“It’s a good idea to specifically request the technical reviewers
to focus on the technical reviews rather than the writing and
21linguistic issues (which are addressed later in editorial
L E G A L LY B L A N D
The editorial and technical reviews you received till now generally require you to make two types of updates to your
• Content Updates: Correct the inaccurate left-brains facts (statistics, values, and specific inputs) that can cause
confusion if left uncorrected. Enhance the right-brain explanations (such as examples, descriptions, and so on) to
make it easier to understand. Add essential information that was left out and remove old features.
• Structural Updates: Rearrange chapters and paragraphs for proper sequence and logical approach of the
By now, your document should be almost complete—on technical and linguistic fronts at least. If you are not yet
satisfied, consider another pass at technical and editorial reviews. What remains are a couple of more reviews that are
often neglected. These are Legal Reviews and a Sanity Check.
These reviews should be done by the Legal department. They include End User’s Licensing Agreement (EULA),
Registered Trademarks (®) and Trademarks (™), Disclaimers, and the likes.
The final review should ensure there haven’t been careless updates or changes to the document, and all the tasks that
need to be done for the document are complete. These are termed as sanity checks.
Ideally, you should create a checklist that you should run through, just before the document is checked in for the final
time. Your checklist should include updating the Index, TOC, and other lists, removing watermarks and draft markers
(for Adobe FrameMaker), version numbers, headers and footers.
Consider using a single Excel spreadsheet to track progress of all documents in your documentation set.
“Ideally, you should create a checklist that you should run
through, just before the document is checked in for the final
time. Your checklist should include updating the Index, TOC,
22and other lists, removing watermarks and draft markers (for
Adobe FrameMaker), version numbers, headers and footers.”
L E G A L LY B L A N D
Here is a sample checklist, done in Microsoft Excel.
You should keep adding to this list with specific actions as and when you decide to take them. For example, you could
add to it the checking in of the latest version to your version control system.
So, as is obvious, there is more to reviews than meets the eye. Reviews are a good thing—they are a writer’s friend.
Many people work very hard to proofread, review, and improve our (the writer’s) work, and when we deliver a
document that is highly appreciated, we generally enjoy the limelight. Parting words of wisdom: rather than shying
away from reviews as a writer, try and get as many done as you can—they can only do you good.
~ Sumedh Nene
23“Rather than shying away from reviews as a writer, try and get
as many done as you can—they can only do you good.”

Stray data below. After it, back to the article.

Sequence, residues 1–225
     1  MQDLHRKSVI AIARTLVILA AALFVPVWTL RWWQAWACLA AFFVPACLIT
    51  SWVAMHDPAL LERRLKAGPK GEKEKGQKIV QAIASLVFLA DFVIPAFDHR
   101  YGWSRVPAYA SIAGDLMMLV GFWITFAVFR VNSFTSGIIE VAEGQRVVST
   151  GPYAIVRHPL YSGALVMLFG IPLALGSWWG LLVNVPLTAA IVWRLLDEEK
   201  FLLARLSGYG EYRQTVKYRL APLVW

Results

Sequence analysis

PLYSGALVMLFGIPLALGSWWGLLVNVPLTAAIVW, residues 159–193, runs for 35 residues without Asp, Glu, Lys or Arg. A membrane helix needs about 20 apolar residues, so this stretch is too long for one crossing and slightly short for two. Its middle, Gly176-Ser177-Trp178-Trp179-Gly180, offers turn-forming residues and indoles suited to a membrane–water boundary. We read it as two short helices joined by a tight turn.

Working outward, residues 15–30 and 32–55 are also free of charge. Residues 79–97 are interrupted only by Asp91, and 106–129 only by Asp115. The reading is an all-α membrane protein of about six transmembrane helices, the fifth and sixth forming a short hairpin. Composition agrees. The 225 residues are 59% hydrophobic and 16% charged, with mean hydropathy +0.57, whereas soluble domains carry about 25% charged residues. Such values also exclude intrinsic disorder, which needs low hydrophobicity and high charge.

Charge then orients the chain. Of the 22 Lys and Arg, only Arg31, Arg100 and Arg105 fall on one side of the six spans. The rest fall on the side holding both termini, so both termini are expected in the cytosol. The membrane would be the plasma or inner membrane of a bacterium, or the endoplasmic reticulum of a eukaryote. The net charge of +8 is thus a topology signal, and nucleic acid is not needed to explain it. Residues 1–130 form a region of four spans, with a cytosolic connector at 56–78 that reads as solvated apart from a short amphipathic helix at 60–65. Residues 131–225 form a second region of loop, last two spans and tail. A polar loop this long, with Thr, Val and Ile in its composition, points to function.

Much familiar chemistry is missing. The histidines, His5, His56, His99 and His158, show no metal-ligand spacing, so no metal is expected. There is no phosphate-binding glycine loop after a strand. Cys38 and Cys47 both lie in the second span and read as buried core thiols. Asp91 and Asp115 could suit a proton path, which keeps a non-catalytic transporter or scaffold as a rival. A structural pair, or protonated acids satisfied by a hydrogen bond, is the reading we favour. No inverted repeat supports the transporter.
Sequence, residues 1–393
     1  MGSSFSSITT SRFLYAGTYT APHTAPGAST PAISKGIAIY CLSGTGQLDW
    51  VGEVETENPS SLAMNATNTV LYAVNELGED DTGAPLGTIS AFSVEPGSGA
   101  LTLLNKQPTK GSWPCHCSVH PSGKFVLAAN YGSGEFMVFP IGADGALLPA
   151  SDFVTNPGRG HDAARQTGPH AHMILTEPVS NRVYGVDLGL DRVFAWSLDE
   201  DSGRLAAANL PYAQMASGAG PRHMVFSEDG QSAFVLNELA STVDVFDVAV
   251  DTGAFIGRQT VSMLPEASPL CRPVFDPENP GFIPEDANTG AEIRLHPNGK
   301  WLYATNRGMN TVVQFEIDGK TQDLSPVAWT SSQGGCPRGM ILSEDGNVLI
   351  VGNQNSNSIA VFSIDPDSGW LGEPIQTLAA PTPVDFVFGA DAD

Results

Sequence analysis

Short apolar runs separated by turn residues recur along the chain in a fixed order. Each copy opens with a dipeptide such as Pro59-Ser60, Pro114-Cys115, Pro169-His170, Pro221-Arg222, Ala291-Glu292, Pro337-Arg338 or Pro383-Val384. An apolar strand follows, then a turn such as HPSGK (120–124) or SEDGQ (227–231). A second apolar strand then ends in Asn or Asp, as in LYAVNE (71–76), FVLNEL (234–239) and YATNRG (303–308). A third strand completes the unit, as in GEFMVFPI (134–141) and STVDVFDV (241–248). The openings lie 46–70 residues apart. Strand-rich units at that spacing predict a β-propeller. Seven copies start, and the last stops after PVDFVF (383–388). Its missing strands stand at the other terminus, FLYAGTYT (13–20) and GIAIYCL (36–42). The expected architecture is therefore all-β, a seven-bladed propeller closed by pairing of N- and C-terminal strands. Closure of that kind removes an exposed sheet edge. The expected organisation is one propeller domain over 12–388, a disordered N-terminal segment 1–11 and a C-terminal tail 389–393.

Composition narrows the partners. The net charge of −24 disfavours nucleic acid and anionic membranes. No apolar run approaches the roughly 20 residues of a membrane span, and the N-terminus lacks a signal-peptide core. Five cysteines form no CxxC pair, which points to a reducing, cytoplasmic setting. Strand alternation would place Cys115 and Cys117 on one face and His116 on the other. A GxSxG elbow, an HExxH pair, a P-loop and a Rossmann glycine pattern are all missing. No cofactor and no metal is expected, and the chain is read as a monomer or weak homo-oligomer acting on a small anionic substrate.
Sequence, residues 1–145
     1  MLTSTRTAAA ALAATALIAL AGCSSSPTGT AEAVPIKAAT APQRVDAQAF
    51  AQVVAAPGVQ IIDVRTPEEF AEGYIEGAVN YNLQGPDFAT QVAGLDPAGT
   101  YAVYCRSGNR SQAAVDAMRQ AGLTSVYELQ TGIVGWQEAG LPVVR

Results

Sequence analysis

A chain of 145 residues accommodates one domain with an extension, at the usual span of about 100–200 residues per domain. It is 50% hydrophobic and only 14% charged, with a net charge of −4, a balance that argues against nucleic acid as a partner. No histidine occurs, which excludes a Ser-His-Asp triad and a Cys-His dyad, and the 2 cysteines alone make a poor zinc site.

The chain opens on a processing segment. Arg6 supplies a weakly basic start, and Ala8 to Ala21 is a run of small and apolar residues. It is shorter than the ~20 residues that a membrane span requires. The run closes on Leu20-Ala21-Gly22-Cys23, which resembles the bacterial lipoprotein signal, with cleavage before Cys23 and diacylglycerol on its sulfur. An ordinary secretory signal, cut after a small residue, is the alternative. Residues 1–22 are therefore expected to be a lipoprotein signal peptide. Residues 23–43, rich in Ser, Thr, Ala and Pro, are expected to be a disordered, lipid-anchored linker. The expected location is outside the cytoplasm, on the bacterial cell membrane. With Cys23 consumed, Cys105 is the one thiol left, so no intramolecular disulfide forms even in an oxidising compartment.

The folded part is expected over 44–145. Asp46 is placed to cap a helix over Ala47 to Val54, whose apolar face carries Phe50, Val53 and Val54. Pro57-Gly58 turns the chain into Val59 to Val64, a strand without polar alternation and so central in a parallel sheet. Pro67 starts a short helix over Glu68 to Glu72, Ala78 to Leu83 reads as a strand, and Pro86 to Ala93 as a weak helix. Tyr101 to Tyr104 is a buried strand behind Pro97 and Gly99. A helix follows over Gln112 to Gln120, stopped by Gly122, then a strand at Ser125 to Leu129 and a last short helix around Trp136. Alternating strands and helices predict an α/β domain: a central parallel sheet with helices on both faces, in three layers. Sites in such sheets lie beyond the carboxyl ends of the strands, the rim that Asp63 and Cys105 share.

Stepping Into a Manager’s Shoes
My career, spanning the last 20 odd years, has been primarily in computer software and
systems. Having been a geek in many senses of the word, for my entire information
technology life, I’ve found the ‘writing’ aspect of it to be the most exuberating and
T his article is written by
Girish Sharangpani, CEO
and founder of The Knowledge
At present, I manage a team of technical communicators at Symantec Corporation,
based in Pune, India. The team specializes in development and delivery of technical
Labs. Girish is a proven
technology practitioner with trainings on Symantec products—to our customers, partners, and internal technical
expertise in setting up IT support engineers.
incubation centers, software
That I’m good at technology writing is something I realized purely by accident about 10
communications. He has over years ago. While working at Wrox Press, UK, on my first book as technical editor, I
20 years of experience; was asked to take a deep dive and contribute to a chapter on MySQL. Subsequently,
predominantly in the quite a bit of technology content I wrote went into that book. The book had a
information technology space.
moderate success in the market. To cut a long story short, it made me realize that I
As a writer, Girish has
co-authored technical and could write well.
research papers on breast
cancer, has created posters Besides setting up the IT and engineering operations, which was my primary job
that were presented in
function at the start of my career, I was also responsible for establishing the in-house
international conferences, and
has written patents, FDA, and documentation team for my employer.
regulatory documents. He has
a graduate degree in advance
accounting and auditing from
BMCC, University of Pune, and
a postgraduate certification in
Computer Applications from
the same university.
Over the years, I realized that effective, to the point, and user-friendly product documentation forms a critical
component of your product’s success. And that technical writers who write these documents are the face of your
company—the first interface with your customers.